The EU wants to be climate neutral by 2050, but what about the rest of the world? The European Union has set itself ambitious climate targets, but what if other countries (despite bold promises) fail to cut emissions to the same extent?

The risk is that the EU’s efforts have little positive impact on global emissions, while the European economy suffers from stricter environmental regulations putting EU firms at a competitive disadvantage. Some analysts argue this dynamic is already at play in the EU Emissions Trading System, with European firms having to restrict their emissions or pay a financial penalty while their international competitors aren’t subject to the same constraints. Consumers in Europe may turn to cheaper goods from abroad and, to get around this, European companies may even move production abroad, increasing overall emissions in the process.

Could a Carbon Border Adjustment Mechanism (CBAM) help? Such a border adjustment system would impose a tax on the import of certain raw materials from “less climate-friendly countries” into the EU. The EU hopes that this system will also encourage its international partners to become more involved in climate protection. The proposal has received plenty of support in the European Parliament, but internationally the EU has been accused of protectionism and violating WHO rules. Could a CO2 border tax really lead to stronger global climate protection and better market conditions for European companies?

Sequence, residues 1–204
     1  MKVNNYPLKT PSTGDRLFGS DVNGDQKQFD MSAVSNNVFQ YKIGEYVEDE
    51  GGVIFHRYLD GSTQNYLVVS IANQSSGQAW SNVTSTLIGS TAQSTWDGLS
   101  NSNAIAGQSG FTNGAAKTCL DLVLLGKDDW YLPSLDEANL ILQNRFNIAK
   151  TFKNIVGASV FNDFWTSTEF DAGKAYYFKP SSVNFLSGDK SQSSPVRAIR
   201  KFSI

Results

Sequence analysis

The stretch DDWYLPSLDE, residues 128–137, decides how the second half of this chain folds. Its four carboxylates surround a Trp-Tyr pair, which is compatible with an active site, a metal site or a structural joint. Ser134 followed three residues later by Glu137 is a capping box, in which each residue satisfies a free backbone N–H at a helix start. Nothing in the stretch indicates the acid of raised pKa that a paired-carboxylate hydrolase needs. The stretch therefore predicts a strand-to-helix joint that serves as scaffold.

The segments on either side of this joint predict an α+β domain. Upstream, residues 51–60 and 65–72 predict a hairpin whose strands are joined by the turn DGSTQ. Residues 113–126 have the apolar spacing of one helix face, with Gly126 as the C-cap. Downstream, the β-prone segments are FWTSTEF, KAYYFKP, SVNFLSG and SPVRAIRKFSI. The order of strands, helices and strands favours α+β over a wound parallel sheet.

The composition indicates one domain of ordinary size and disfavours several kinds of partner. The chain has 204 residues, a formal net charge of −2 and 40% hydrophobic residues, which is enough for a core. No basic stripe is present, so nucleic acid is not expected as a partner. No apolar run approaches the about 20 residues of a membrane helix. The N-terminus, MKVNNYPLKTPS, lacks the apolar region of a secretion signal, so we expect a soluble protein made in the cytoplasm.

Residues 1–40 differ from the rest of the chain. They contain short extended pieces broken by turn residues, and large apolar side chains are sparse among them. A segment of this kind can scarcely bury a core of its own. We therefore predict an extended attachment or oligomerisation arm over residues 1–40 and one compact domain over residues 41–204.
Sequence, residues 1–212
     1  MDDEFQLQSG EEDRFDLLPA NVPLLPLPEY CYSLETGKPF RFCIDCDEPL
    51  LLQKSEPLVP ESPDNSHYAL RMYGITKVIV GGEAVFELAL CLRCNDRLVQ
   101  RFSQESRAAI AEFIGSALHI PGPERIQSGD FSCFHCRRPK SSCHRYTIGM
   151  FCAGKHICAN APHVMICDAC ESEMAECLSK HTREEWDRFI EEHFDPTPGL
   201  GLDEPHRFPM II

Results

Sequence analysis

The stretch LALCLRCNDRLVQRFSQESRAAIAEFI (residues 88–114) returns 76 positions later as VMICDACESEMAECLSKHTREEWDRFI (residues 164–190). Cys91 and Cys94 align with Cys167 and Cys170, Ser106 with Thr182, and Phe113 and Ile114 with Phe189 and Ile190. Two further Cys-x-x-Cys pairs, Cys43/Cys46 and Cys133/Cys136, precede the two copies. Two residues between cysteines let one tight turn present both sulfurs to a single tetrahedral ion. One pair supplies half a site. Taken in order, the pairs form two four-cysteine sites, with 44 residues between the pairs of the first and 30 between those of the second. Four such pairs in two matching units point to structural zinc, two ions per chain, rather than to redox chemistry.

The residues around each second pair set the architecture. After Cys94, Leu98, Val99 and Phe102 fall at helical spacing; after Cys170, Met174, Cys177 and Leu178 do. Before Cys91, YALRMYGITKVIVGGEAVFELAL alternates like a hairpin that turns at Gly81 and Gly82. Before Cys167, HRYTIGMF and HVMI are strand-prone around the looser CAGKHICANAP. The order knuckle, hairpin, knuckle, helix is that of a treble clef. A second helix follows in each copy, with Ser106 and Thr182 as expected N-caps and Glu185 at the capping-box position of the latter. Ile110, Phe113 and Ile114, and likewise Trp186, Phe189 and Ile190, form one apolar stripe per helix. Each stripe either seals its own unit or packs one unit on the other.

What do our readers think? We had a comment sent in from Paul (Παυλος) arguing that the EU should force “other big polluters like China” to become more sustainable by making it more expensive to import products with low environmental standards. Would a carbon border tax help to change other countries’ behaviour?

To get a response to Paul’s comment, we put it to Georg Zachmann, Senior Fellow at the Brussels-based think tank Bruegel, where he focuses on energy and climate issues. What would he say to Paul?

Yes, thank you, that’s a great question, because that’s what this thing is ultimately about. Do we manage to change the way other countries produce the goods and services? And the idea is that a CO2 border adjustment mechanism, as is being discussed in Europe, is essentially there to protect our domestic industry from highly polluting imports. But this also gives the other countries an interest to start reducing emissions, to introduce emission pricing systems, to introduce domestic regulations to meet European standards.